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Marin IJ Articles

The Brilliant Colors of Fall

  • Nanette Londeree
  • I love fall. The warm, clear days and cool, crisp nights; the season’s first refreshing rain, and the brilliant colors that adorn city streets and home gardens. No need to hop a plane to New England to enjoy glimmering yellows, reds, golds, oranges and purples as Mother Nature puts on her autumn show. Marin has an abundance of trees and shrubs that herald the changing of seasons. While our transition from summer to fall may not be as dramatic as it is in Connecticut or Vermont, it has the right elements to produce a spectacular fall display, all while you’re still bopping about in your shorts and sandals. And, it’s a great time of year to add some blaze of color to your own garden.

    Many deciduous plants—ones that drop their leaves during the late fall— are fairly nondescript during much of the year, providing a backdrop of verdant greenery. Then, with just the right combination of conditions, the greens are slowly infused with rainbows of glowing yellows, fiery oranges and sparkling reds. The colors the tree or shrub displays in autumn are primarily due to the plants’ genes, like the amber and plum colors of sweet gums (Liquidambar) or the lemony-yellow of quaking aspens. Day-length and weather are the other key elements that result in vivid displays. That is why one year you may see exuberant colors that seem to last for weeks, and other years, fall passes like a bright flash.
    The colors that decorate the season come from three pigments in the plants leaves—chlorophyll, carotenoid and anthocyanin. Chlorophyll gives leaves their basic green color and is necessary for the plant to create food from sunlight. Carotenoids produce yellow, orange and brown colors—you see them in corn, carrots, bananas and daffodils. The reds and purples in strawberries, cherries and plums are a result of anthocyanins. Chlorophyll and carotenoids are present all year long. As the days grow shorter, the plant slows down the production of chlorophyll, and the carotenoids begin to show through. Reds and purples are not as common in fall colors. as not all trees or shrubs make anthocyanins, and they’re produced only in autumn under certain conditions.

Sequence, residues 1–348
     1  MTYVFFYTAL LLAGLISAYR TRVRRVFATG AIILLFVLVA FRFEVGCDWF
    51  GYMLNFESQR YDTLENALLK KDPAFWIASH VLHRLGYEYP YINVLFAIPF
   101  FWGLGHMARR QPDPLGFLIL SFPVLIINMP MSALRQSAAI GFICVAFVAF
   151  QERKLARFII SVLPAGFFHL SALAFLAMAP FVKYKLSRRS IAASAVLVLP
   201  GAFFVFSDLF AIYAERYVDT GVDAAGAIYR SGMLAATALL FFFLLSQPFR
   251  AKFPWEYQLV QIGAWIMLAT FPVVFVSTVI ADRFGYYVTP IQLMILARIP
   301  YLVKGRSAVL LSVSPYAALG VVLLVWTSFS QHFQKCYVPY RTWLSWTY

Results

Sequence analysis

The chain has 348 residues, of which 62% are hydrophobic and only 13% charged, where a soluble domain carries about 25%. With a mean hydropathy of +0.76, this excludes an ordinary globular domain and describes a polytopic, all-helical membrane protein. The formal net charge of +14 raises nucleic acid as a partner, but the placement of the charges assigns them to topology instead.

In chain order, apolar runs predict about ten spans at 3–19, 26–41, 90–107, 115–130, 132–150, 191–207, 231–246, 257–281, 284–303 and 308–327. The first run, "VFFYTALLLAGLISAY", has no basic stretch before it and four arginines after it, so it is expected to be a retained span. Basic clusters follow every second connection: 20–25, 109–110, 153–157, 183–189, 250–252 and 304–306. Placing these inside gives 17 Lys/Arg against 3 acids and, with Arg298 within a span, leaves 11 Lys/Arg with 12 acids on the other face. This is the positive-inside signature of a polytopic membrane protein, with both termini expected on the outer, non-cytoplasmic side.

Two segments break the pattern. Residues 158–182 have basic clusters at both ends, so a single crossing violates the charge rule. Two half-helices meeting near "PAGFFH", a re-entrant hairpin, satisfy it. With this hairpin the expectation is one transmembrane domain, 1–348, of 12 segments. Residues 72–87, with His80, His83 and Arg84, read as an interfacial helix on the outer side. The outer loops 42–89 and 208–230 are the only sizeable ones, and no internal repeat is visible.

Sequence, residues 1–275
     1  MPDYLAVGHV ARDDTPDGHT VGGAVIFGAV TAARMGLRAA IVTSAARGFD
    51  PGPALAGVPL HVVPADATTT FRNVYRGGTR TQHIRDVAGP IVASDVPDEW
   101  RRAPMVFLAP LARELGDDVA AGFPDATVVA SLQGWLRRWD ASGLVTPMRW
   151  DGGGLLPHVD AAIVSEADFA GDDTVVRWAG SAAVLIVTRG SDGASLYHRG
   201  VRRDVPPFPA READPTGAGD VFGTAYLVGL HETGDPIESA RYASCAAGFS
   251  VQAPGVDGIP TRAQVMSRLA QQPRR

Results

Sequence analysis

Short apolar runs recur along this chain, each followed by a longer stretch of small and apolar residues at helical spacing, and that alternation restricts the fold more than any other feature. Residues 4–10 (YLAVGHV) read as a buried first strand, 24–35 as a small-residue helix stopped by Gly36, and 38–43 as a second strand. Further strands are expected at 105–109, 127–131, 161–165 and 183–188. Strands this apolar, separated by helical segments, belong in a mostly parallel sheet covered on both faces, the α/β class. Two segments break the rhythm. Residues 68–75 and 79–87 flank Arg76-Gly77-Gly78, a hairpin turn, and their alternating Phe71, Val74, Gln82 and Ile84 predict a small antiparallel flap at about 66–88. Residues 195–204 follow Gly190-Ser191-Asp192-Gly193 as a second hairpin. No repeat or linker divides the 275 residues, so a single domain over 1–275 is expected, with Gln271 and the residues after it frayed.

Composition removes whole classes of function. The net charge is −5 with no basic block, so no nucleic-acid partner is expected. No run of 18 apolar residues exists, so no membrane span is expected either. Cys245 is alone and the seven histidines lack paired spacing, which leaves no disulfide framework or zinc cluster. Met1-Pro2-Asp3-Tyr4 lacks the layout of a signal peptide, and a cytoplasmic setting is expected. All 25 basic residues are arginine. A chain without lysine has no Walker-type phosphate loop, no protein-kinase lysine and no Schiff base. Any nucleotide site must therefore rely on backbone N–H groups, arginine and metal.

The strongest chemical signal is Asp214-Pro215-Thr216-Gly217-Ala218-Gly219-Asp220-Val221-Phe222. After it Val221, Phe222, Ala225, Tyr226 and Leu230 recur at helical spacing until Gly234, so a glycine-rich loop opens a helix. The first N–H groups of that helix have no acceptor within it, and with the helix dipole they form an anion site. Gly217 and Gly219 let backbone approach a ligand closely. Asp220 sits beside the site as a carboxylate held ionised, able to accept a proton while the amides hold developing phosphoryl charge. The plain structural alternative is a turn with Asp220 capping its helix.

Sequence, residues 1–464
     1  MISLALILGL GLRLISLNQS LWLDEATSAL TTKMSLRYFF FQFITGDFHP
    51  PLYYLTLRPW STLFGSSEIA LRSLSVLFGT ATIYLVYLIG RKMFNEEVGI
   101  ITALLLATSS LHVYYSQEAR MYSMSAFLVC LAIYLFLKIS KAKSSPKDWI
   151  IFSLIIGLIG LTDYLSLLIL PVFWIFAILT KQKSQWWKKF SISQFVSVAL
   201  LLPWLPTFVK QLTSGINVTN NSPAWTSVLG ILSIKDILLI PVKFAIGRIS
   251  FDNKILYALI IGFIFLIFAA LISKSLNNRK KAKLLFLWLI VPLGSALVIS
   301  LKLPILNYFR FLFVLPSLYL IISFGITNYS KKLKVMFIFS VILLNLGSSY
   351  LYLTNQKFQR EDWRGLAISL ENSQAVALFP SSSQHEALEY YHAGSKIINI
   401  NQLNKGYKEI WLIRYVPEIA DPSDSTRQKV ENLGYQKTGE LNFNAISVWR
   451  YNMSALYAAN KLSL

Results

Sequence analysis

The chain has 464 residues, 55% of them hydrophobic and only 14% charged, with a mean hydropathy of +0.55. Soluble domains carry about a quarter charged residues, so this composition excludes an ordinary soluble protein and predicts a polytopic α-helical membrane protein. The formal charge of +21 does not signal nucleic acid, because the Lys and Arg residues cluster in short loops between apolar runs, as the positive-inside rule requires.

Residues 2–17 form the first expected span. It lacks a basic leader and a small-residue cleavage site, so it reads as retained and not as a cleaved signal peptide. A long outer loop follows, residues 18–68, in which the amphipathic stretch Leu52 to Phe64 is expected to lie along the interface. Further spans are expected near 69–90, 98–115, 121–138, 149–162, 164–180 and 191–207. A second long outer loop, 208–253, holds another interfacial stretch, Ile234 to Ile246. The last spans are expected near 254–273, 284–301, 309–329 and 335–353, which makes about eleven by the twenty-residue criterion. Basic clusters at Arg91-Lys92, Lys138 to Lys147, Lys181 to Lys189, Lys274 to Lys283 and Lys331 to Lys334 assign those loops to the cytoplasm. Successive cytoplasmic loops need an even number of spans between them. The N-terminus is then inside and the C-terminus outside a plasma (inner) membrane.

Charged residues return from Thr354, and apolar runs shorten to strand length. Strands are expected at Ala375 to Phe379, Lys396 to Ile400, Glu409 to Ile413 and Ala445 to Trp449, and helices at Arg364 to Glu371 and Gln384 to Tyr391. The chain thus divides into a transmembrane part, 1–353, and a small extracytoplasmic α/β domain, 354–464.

You can add a splash of fall color to your garden whether you have a big space to fill or a little spot you want to perk up. The Chinese pistache (Pistacia chinensis) is a reliable medium-sized tree for street-side, garden or patio planting. The deep green leaves, with a somewhat fern-like appearance, turn bright florescent orange in the fall. It has a slow to moderate growth rate and can take little to no water during the summer once it is established. If you’re looking for lemon yellow, then consider the maidenhair tree, Gingko biloba. This graceful tree has fan-shaped leaves similar to the maidenhair fern, hence the common name. A slow growing, pyramidal-shaped tree, it can reach 35-50 feet at maturity. Not bothered by heat, insects or pests, once they reach about twenty feet tall, they only need occasional irrigation. When purchasing a Gingko, be sure to get a male tree, as female trees produce messy, foul-smelling fruit.
    The black tupelo, also known as a sour gum tree (Nyssa sylvatica), is native to the eastern United States and makes a striking shade tree. The lustrous, dark green foliage don a kaleidoscope of sunset colors in the fall with yellows, oranges and scarlet contrasting with the dark gray, red-tinged bark. It’s also a moderately slow growing tree that ultimately reaches 30-50 feet, and can grow in full sun to part shade. It prefers moist, well-drained soil, but tolerates poor drainage and some drought.
    If you’re more interested in flowering shrubs, the barberry family (Berberis) contains plants in a wide variety of sizes, leaf shapes and colors. The deciduous forms of these tough, spiny plants produce masses of small brightly colored flowers in spring, followed by berries in the autumn. Similarly, deciduous viburnums offer multi-seasonal interest with showy, intensely fragrant flowers in late winter to spring and brilliantly colored fall foliage and berries. A favorite is Viburnum opulus ‘Roseum,’ or the common snowball viburnum. The plump, greenish-white blooms bedeck the plant in May, and the crimson to burgundy colors of the fall leaves are a striking contrast to the dark purple berries. For a somewhat shady spot, the oak leafed hydrangea, Hydrangea quercifolia or pee gee hydrangea, provides conical-shaped blossoms in the spring; the large, oak-shaped foliage turns purple, orangey-bronze and red in the fall.
    Now is a good time to plant deciduous trees and shrubs; the soil is still warm and the temperatures cool, allowing the plant to focus its energy on developing roots. It can also be easier on your wallet as nurseries and garden centers clear out their inventory in preparation for the holidays. If you can’t find these plants locally, Forestfarm Nurseries in Oregon carries most of them. You can order online at http://www.forestfarm.com/ Add some color to your garden now and you’ll reap your reward next fall.